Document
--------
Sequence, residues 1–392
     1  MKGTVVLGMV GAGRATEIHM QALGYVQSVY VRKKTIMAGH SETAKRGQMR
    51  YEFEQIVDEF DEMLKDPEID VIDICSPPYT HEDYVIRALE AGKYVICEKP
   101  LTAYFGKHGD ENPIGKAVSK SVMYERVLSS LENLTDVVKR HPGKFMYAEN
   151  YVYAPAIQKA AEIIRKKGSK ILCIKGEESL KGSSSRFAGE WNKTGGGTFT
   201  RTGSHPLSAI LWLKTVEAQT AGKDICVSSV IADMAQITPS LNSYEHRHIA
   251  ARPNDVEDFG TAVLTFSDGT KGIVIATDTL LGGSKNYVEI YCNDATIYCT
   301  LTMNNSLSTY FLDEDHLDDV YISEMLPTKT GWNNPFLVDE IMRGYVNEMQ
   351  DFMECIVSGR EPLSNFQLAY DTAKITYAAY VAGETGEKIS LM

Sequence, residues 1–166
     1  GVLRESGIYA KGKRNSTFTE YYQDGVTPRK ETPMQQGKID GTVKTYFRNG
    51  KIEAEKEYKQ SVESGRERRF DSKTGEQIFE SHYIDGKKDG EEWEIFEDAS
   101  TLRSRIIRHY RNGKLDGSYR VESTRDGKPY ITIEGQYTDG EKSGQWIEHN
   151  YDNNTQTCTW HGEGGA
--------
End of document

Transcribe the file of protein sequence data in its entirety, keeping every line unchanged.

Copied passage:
Sequence, residues 1–392
     1  MKGTVVLGMV GAGRATEIHM QALGYVQSVY VRKKTIMAGH SETAKRGQMR
    51  YEFEQIVDEF DEMLKDPEID VIDICSPPYT HEDYVIRALE AGKYVICEKP
   101  LTAYFGKHGD ENPIGKAVSK SVMYERVLSS LENLTDVVKR HPGKFMYAEN
   151  YVYAPAIQKA AEIIRKKGSK ILCIKGEESL KGSSSRFAGE WNKTGGGTFT
   201  RTGSHPLSAI LWLKTVEAQT AGKDICVSSV IADMAQITPS LNSYEHRHIA
   251  ARPNDVEDFG TAVLTFSDGT KGIVIATDTL LGGSKNYVEI YCNDATIYCT
   301  LTMNNSLSTY FLDEDHLDDV YISEMLPTKT GWNNPFLVDE IMRGYVNEMQ
   351  DFMECIVSGR EPLSNFQLAY DTAKITYAAY VAGETGEKIS LM

Sequence, residues 1–166
     1  GVLRESGIYA KGKRNSTFTE YYQDGVTPRK ETPMQQGKID GTVKTYFRNG
    51  KIEAEKEYKQ SVESGRERRF DSKTGEQIFE SHYIDGKKDG EEWEIFEDAS
   101  TLRSRIIRHY RNGKLDGSYR VESTRDGKPY ITIEGQYTDG EKSGQWIEHN
   151  YDNNTQTCTW HGEGGA